Model formulation As mentioned earlier, we formulate an energy function with some parameters $\theta$ over observable and decision random variables, $E(\mathbf{x}, y;\theta)$, that assigns a value (an energy) to a pair $(\mathbf{x}, y)$ where $\mathbf{x} \in \mathbb{R}^{D}$ and $y \in \{0, 1, \ldots, K-1\}$. Let $E(\mathbf{x}, y;\theta)$ be parameterized by a neural network $NN_{\theta}(\mathbf{x})$ that returns $K$ values: $NN_{\theta}: \mathbb{R}^{D} \rightarrow \mathbb{R}^{K}$. In other words, we can define the energy as follows:

$$E(\mathbf{x}, y; \theta) = - NN_{\theta}(\mathbf{x})[y]$$

where we indicate by $[y]$ the specific output of the neural net $NN_{\theta}(\mathbf{x})$. Then, the joint probability distribution is defined as the Boltzmann distribution:

\begin{align} p_{\theta}(\mathbf{x}, y) &= \frac{ \exp\{NN_{\theta}(\mathbf{x})[y]\} }{ \sum_{\mathbf{x}, y} \exp\{NN_{\theta}(\mathbf{x})[y] \} } \\ &= \frac{ \exp\{NN_{\theta}(\mathbf{x})[y]\} }{ Z_{\theta} } , \end{align}

where we define $Z_{\theta} = \sum_{\mathbf{x}, y} \exp\{NN_{\theta}(\mathbf{x})[y] \}$.

Since we have the joint distribution, we can calculate the marginal distribution and the conditional distribution. First, let us take a look at the marginal $p(\mathbf{x})$. Applying the sum rule to the joint distribution yields:

\begin{align} p_{\theta}(\mathbf{x}) &= \sum_{y} p_{\theta}(\mathbf{x}, y) \\ &= \frac{ \sum_{y} \exp\{NN_{\theta}(\mathbf{x})[y]\} }{ \sum_{\mathbf{x}, y} \exp\{NN_{\theta}(\mathbf{x})\}[y] } \\ &= \frac{ \sum_{y} \exp\{NN_{\theta}(\mathbf{x})[y]\} }{ Z_{\theta} } . \end{align}

Let us notice that we can express this distribution differently. First, we can re-write the numerator in the following manner:

\begin{align} \sum_{y} \exp\{NN_{\theta}(\mathbf{x})[y]\} &= \exp \left\{ \log \left( \sum_{y} \exp\{NN_{\theta}(\mathbf{x})[y]\} \right) \right\} \\ &= \exp \left\{ \mathrm{LogSumExp}_{y}\{NN_{\theta}(\mathbf{x})[y]\} \right\} \end{align}

where we define $\mathrm{LogSumExp}_{y}\{f(y)\} = \ln \sum_y \exp\{f(y)\}$. In other words, we can say that the energy function of the marginal distribution is expressed as $-\mathrm{LogSumExp}_{y}\{NN_{\theta}(\mathbf{x})[y]\}$. Then, the marginal distribution could be defined as follows:

$$p_{\theta}(\mathbf{x}) = \frac{ \exp \left\{ \mathrm{LogSumExp}_{y}\{NN_{\theta}(\mathbf{x})[y]\} \right\} }{ Z_{\theta} } .$$

Now, we can calculate the conditional distribution $p_{\theta}(y|\mathbf{x})$. We know that $p_{\theta}(\mathbf{x}, y) = p_{\theta}(y|\mathbf{x})\ p_{\theta}(\mathbf{x})$ thus:

\begin{align} p_{\theta}(y|\mathbf{x}) &= \frac{ p_{\theta}(\mathbf{x}, y) }{ p_{\theta}(\mathbf{x}) } \\ &= \frac{ \frac{ \exp\{NN_{\theta}(\mathbf{x})[y]\} }{ Z_{\theta} } }{ \frac{\sum_{y} \exp\{NN_{\theta}(\mathbf{x})[y]\}}{ Z_{\theta} } } \\ &= \frac{ \exp\{NN_{\theta}(\mathbf{x})[y]\} }{ \sum_{y} \exp\{NN_{\theta}(\mathbf{x})[y]\} } . \end{align}

The last line should resemble something, do you see it? Yes, you are right, it is the softmax function! We have shown that the energy-based model could be used either as a classifier or a marginal distribution. And it is enough to define a single neural network for that! Isn't it beautiful? The same observations were made in (Grathwohl et al., 2020) that any classifier could be seen as an energy-based model.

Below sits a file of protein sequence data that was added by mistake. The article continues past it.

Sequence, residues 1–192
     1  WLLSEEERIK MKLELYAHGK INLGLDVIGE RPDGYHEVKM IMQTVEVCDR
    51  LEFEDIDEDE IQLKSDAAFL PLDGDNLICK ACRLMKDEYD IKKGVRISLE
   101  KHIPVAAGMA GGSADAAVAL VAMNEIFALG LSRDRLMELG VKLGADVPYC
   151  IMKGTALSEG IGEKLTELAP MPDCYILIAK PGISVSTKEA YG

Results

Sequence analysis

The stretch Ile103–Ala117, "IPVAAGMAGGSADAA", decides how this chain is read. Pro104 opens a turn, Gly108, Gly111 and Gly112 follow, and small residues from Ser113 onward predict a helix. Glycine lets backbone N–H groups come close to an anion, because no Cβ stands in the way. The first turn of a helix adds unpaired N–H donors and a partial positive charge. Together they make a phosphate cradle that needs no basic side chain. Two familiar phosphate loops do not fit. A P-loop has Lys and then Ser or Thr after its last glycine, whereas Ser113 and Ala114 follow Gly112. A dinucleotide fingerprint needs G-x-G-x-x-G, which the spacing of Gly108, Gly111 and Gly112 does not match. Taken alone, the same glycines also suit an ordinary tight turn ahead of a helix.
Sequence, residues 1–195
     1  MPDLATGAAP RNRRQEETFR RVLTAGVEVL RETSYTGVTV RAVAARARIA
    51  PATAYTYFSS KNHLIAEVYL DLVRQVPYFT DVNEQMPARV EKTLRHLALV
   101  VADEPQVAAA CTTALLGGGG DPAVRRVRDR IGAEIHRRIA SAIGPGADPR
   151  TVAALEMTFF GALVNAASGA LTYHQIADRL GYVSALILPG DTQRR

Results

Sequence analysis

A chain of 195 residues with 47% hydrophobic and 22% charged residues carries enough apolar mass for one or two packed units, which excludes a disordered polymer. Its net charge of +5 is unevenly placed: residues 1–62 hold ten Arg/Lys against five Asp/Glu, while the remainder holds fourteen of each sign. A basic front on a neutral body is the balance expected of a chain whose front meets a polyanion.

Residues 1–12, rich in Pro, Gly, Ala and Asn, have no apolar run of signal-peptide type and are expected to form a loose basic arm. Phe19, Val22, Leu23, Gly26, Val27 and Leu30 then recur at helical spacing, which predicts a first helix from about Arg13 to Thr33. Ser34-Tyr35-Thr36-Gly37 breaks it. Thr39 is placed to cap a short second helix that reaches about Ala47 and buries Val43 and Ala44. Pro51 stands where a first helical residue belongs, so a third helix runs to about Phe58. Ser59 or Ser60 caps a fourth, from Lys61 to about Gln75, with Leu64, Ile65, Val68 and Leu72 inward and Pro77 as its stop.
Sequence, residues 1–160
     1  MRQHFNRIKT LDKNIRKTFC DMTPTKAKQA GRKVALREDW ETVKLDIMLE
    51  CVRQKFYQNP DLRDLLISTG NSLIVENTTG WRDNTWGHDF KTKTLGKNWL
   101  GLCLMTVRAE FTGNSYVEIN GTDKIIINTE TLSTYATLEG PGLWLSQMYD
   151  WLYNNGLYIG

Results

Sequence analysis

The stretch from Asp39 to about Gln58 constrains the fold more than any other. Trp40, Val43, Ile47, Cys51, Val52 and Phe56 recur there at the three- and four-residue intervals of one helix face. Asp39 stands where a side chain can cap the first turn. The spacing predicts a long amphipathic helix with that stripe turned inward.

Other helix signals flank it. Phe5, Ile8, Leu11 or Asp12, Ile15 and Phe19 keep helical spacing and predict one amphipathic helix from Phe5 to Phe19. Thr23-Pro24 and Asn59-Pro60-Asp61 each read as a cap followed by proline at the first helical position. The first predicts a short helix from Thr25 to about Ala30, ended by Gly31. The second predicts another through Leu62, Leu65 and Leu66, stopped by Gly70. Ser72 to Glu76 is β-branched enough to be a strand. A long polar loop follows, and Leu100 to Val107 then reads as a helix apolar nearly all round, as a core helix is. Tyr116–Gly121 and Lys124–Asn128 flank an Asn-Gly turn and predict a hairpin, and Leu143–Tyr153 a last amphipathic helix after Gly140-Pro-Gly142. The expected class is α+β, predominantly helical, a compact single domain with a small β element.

Interestingly, the logarithm of the joint distribution is the following:

\begin{align} \ln p_{\theta}(\mathbf{x}, y) &= \ln p_{\theta}(y|\mathbf{x}) + \ln p_{\theta}(\mathbf{x}) \\ &= \ln \frac{ \exp\{NN_{\theta}(\mathbf{x})[y]\} }{ \sum_{y} \exp\{NN_{\theta}(\mathbf{x})[y]\} } + \ln \frac{ \sum_{y} \exp\{NN_{\theta}(\mathbf{x})[y]\} }{ Z_{\theta} } \\ &= \ln \mathrm{softmax}\{NN_{\theta}(\mathbf{x})[y]\} + \Big{(} \mathrm{LogSumExp}_{y}\{NN_{\theta}(\mathbf{x})[y]\} - \ln Z_{\theta} \Big{)} \end{align}

where we define $\mathrm{LogSumExp}_{y}\{f(y)\} = \ln \sum_y \exp\{f(y)\}$. We clearly see that the model requires a shared neural network that is used for calculating both distributions. To obtain a specific distribution, we pick the final activation function. The model is schematically presented in Figure 1.

Figure 1. A schematic representation of an EBM. We denote the output of $\mathrm{LogSumExp}_{y}$ by $\tilde{p}_{\theta}(\mathbf{x})$ to highlight that it is the unnormalized distirbution since calculating the partition function is troublesome.

Training We have a single neural network to train and the training objective is the logarithm of the joint distribution. Since the training objective is a sum of the logarithm of the conditional $p_{\theta}(y|\mathbf{x})$ and the logarithm the marginal $p_{\theta}(\mathbf{x})$, calculating the gradient with respect to the parameters $\theta$ requires taking the gradient of each of the component separately. We know that there is no problem with learning a classifier so let us take a closer look at the second component, namely:

\begin{align} \nabla_{\theta} \ln p_{\theta}(\mathbf{x}) &= \nabla_{\theta} \mathrm{LogSumExp}_{y}\{NN_{\theta}(\mathbf{x})[y]\} - \nabla_{\theta} \ln Z_{\theta} \\ &= \nabla_{\theta} \mathrm{LogSumExp}_{y}\{NN_{\theta}(\mathbf{x})[y]\} - \nabla_{\theta} \ln \sum_{\mathbf{x}} \exp \left\{ \mathrm{LogSumExp}_{y}\{NN_{\theta}(\mathbf{x})[y]\} \right\} \\ &= \nabla_{\theta} \mathrm{LogSumExp}_{y}\{NN_{\theta}(\mathbf{x})[y]\} - \sum_{\mathbf{x}'} \frac{ \exp \left\{ \mathrm{LogSumExp}_{y}\{NN_{\theta}(\mathbf{x}')[y]\} \right\} }{\sum_{\mathbf{x}'', y''} \exp \{NN_{\theta}(\mathbf{x''})[y'']\} } \nabla_{\theta} \mathrm{LogSumExp}_{y}\{NN_{\theta}(\mathbf{x}')[y]\}\\ &= \nabla_{\theta} \mathrm{LogSumExp}_{y}\{NN_{\theta}(\mathbf{x})[y]\} - \mathbb{E}_{\mathbf{x}' \sim p_{\theta}(\mathbf{x})} \left[ \nabla_{\theta} \mathrm{LogSumExp}_{y}\{NN_{\theta}(\mathbf{x}')[y]\} \right] \end{align}